BSA welcomes calls from London Fire Brigade for sprinklers to be mandatory in new build schools


The Business Sprinkler Alliance (BSA) has welcomed calls from the London Fire Brigade (LFB) for mandatory sprinklers in all new build schools, after new figures show that fires in London school have increased by a third in just 12 months.

According to figures from the LFB, there were 90 fires in the capital’s pre-schools, nurseries, primary schools and secondary schools in 2017, up from 67 in 2016. Worryingly just two of the 90 schools affected had automatic sprinkler systems fitted.

The number of schools with sprinkler systems remains at a shockingly low figure, despite there being an increase in reported fires. Between January 2010 and December 2017, for example, 707 schools were affected by fires – out of these only 14 of the schools were fitted with sprinklers. Furthermore, the LFB stated that last year 184 schools in London ignored the fire service’s advice to fit sprinklers in new school buildings or during major refurbishments of existing buildings.

Dany Cotton, the London Fire Commissioner, has openly criticised the Government for failing to make sprinkler systems mandatory in new school builds, commenting that it was “staggering that such a simple safety measure is so easily omitted from the designs.”

“Millions of pounds are wasted every year repairing fire damage in London’s schools when sprinklers could have prevented the spread of a fire,” Cotton said. “This is not just about saving money. When a school is closed it disrupts a child’s education and affects parents by closing breakfast and after school clubs.”

To make matters worse, the Fire Protection Association (FPA) has claimed that the average cost of repairing the damage of large school fires has increased from £330,000 per fire in 2009 to a staggering £2.8 million in 2014.

Iain Cox, Chair of the BSA commented, “In Scotland and Wales, it is a legal requirement for all publicly funded new schools to have sprinkler systems installed; however, this is not the case in England. Instead, our guidance in a document called Building Bulletin 100 states that there is an ‘expectation’ they are fitted rather than installation being legally required. However, most new schools are being built without sprinklers and this guidance is ineffective and bypassed.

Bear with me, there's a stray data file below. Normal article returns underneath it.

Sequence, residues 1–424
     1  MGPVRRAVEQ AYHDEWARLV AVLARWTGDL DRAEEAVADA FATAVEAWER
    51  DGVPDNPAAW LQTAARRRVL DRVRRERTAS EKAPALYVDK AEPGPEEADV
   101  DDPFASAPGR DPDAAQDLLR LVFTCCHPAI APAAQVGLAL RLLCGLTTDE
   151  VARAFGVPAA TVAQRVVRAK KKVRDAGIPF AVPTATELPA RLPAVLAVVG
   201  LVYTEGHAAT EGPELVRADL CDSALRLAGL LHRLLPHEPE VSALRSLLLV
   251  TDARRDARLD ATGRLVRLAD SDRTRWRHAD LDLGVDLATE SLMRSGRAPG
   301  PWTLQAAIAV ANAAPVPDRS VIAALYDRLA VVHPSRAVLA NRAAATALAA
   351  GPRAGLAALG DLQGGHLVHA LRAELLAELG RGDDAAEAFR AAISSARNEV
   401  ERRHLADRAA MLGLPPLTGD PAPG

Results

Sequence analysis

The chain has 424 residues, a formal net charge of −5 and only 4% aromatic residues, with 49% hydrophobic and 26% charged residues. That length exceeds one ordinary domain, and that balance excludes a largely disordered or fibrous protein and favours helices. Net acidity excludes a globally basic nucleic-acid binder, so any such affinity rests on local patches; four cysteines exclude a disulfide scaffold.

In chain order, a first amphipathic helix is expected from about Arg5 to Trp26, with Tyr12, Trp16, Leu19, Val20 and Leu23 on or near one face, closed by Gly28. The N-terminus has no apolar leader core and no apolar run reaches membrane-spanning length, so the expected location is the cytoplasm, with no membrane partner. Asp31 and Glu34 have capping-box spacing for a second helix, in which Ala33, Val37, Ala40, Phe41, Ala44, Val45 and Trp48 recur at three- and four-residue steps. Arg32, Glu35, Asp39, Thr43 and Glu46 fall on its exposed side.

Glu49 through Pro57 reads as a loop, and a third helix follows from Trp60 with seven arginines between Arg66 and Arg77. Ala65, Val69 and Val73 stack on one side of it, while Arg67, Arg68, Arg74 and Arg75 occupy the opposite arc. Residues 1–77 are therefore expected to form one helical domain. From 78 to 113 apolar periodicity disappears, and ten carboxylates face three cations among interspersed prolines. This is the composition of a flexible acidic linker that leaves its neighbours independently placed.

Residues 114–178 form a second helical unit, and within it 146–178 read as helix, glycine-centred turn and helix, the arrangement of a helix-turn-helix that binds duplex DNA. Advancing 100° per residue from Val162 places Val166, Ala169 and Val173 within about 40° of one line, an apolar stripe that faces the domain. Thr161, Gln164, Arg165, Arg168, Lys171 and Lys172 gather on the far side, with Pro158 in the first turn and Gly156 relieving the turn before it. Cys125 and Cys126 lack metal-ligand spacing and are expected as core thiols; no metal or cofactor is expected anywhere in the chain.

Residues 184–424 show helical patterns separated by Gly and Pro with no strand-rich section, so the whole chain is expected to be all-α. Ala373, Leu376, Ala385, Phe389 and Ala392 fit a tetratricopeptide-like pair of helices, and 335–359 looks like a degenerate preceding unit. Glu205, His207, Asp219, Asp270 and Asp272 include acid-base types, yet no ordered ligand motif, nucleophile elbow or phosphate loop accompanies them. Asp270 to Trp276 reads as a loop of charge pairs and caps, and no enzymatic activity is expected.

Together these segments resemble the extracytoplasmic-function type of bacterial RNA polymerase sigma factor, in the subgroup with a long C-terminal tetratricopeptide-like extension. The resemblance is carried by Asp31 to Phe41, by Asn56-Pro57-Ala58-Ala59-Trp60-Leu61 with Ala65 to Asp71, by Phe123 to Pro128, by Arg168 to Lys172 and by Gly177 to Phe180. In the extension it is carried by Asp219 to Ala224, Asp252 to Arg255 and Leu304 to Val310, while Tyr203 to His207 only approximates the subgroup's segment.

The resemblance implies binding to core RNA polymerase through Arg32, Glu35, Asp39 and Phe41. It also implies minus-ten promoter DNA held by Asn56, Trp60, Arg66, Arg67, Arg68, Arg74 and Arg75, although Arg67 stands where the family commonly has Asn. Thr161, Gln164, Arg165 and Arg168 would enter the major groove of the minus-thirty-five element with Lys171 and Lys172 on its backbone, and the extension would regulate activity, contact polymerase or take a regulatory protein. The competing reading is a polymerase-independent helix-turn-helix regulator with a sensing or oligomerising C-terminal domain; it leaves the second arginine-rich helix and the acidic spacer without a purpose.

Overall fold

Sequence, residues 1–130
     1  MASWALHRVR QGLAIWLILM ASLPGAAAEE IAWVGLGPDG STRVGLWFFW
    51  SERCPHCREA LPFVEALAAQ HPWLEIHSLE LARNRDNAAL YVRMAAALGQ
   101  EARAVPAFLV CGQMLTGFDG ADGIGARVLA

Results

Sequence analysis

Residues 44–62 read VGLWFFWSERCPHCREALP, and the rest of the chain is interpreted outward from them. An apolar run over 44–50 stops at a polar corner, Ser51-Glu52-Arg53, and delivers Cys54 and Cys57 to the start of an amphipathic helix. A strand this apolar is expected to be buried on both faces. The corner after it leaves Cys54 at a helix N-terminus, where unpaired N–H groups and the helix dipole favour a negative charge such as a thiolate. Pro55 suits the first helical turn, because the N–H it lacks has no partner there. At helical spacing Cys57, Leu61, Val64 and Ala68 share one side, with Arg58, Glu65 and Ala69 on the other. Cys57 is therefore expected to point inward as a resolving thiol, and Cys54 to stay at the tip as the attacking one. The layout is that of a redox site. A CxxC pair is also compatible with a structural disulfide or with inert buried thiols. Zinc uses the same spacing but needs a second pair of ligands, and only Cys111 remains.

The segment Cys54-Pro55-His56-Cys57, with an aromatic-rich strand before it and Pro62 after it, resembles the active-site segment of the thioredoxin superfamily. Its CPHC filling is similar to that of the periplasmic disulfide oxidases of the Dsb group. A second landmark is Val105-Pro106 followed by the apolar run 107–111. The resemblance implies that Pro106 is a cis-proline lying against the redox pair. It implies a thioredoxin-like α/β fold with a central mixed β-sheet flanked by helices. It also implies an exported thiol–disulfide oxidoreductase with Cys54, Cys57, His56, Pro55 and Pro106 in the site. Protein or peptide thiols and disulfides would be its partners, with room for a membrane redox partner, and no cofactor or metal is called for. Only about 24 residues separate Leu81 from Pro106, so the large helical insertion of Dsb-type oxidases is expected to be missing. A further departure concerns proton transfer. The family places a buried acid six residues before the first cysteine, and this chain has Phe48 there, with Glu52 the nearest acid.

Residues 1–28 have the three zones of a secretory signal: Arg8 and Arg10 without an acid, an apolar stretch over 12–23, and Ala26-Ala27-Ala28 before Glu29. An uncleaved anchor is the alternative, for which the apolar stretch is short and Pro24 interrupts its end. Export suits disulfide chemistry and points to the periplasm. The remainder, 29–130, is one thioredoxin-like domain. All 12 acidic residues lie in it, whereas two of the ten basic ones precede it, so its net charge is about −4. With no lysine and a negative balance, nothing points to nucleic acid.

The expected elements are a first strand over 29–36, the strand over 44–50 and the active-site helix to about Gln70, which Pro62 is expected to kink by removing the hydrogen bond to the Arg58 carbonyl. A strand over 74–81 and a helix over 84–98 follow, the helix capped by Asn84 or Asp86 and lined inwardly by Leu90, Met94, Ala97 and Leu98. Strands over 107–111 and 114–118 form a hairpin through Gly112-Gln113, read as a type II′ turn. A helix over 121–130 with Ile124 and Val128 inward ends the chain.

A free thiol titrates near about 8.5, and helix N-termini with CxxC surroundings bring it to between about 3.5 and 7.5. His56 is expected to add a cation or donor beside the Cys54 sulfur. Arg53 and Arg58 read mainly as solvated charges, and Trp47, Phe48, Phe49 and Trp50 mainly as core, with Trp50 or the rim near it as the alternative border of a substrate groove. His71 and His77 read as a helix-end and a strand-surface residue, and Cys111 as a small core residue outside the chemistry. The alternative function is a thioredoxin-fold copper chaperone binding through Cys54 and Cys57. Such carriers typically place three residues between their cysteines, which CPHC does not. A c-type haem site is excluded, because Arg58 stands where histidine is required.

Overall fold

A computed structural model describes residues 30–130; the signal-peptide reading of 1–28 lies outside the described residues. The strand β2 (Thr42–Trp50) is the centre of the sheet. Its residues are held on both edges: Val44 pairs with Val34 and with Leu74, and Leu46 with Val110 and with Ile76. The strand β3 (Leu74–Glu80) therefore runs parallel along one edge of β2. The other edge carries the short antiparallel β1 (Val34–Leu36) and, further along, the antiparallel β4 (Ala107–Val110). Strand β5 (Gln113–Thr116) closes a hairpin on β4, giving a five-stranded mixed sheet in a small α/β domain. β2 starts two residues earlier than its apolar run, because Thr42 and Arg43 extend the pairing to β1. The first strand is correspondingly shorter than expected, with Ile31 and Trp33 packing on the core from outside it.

“Sprinklers protect property and provide life safety,” Cox continued. “They ensure occupants get out of the building and that the building is still standing. In the case of schools, having a sprinkler system means that disruption to the pupil’s education is kept to an absolute minimum if a fire does break out. In fact, in most cases of fires at schools where sprinklers are fitted, classes can continue within a matter of hours, if not a day.”

The call from the LFB follows the National Education Union (NEU) and the Fire Brigades Union (FBU) having written to Secretary of State for Education, Damian Hinds, asking why schools have been classed as being too ‘low risk’ to be given fire sprinklers.

Kevin Courtney, joint general secretary of the NEU, said, “Grenfell Tower should have been a defining moment in the way we view safety in public buildings, but it seems that health and safety is still seen as an opportunity to cut corners and save money.”

The BSA, who’s aim is to raise awareness of the benefit of sprinkler systems and ensure that more building owners are aware of the benefits to property protection, business resilience and life safety, share industry wide concerns regarding disruption to education. Government reports have stated that even a single missed day of education can have significant effects on future exam results. The installation of sprinklers could limit the damage from fire, significantly reducing the potential disruption to the students’ school life.